SGIA's Women in Print Alliance reveals a snapshot of its industry-wide survey.
The breakthrough Women in Print Alliance was created in fall 2016 to attract the next generation of gifted women to the printing industry, retain and recognize those who are successfully serving the industry, and advance or promote talented women in print whose success would benefit the industry as a whole.
First on the Women in Print agenda: a wide-reaching survey to generate a snapshot of women’s experiences, expectations, and priorities working in the printing industry. Women in Print will share survey results at its breakfast on Wednesday, October 11, at the 2017 SGIA Expo.
Here’s a peek at what the data is saying about women in printing.
Most respondents fall into the printer, rather than the supplier, camp, by a ratio of about 3:1. More than two-thirds of respondents (67.5 percent) “use printing/imaging technologies to produce a product or contribute to a finished product,” and 22.4 percent “provide equipment or consumables to the printing/imaging industry.”
Survey respondents are evenly spread between sales/marketing, management, and design. The top three areas represented by our respondents are “Sales & Marketing” (23.3 percent), “Senior Management & Leadership” (20.5 percent) and “Art & Design” (17.8 percent), and the most popular job functions are “Senior Management” (24.7 percent), “Business Management” (19.2 percent) and “Art/Design Personnel” (16 percent).
Most women get into the printing business by happenstance. Circumstances led 37.9 percent of respondents into the printing industry. That said, 19.2 percent started their own businesses and 16.9 percent followed their passion for graphics.
Women in printing are staying with printing. To date, 36.8 percent of respondents report more than 20 years in the business. “It's a perfect industry for women, whether in production as a printer or an artist. All jobs can be handled by either a man or a woman. Most industries aren't like that,” said one respondent.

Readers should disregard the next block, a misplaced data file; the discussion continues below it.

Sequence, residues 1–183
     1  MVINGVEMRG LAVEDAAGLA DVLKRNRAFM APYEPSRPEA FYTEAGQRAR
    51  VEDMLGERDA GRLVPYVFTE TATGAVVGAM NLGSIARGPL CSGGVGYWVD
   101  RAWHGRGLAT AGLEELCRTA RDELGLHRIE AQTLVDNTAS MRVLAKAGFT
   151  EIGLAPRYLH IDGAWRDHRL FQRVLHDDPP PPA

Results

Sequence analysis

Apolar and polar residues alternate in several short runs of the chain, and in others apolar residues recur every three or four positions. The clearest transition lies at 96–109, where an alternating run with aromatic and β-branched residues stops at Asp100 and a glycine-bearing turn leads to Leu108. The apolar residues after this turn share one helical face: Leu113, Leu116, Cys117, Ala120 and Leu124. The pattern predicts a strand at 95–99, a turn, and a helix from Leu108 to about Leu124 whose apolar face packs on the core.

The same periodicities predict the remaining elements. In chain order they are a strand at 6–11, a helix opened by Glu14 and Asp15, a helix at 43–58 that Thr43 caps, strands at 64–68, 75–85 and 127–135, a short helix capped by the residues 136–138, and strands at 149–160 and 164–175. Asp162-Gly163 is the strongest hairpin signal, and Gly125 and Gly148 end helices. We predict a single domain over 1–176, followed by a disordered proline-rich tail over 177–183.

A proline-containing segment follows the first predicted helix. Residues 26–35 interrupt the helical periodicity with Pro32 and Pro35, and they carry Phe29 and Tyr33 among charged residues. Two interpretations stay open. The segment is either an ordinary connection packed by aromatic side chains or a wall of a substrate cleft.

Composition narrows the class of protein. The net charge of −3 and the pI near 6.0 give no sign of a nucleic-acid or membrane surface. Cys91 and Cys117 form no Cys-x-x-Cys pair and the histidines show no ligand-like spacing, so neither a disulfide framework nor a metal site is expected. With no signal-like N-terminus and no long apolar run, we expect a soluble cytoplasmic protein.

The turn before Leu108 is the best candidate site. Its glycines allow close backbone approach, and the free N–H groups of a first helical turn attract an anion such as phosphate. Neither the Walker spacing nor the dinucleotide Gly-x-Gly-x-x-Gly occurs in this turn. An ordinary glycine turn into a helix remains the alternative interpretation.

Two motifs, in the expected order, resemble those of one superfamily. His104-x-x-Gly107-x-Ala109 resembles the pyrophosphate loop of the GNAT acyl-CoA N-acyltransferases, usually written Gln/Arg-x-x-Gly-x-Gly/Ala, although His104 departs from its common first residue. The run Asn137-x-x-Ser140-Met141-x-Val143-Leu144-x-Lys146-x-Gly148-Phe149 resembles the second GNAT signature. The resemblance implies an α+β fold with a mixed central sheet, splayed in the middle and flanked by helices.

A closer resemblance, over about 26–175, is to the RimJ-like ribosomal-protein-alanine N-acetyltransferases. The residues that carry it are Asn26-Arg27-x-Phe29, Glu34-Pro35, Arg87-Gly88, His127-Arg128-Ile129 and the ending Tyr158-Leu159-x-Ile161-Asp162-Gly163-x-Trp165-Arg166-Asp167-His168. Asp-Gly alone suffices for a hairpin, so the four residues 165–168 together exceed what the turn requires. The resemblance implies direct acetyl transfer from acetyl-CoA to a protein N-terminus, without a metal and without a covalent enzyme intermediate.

Top words to describe what’s attractive about printing as a career field include creativity, challenging, interesting, changing, and people.
Girls or boys? All jobs in print can be handled by a man or a woman, but that doesn’t mean that men and women are being considered for all jobs. Many respondents voiced a perception of printing as a “boys’ club.”
“[The industry is] very male-centric. The majority are not very accepting of women in leadership or technical roles,” said a respondent.
Another expanded on that theme. “The treatment of women in a ‘men’s world’ within our industry can be disheartening at times,” she said. “The inability to move up and advance led me to consider leaving before I started my company and took charge of my options and future within the industry that I love.”
Change is underway. “The industry has traditionally been run by men. The participation of the woman is already greater today. This is already an incentive for women to stay and grow,” another respondent said.
Do you know a female leader in the digital printing industry who deserves to be recognized? If so, nominate her here to receive the Big Picture magazine’s Women in Print Award, which will be featured in the October issue and presented at SGIA Expo 2017.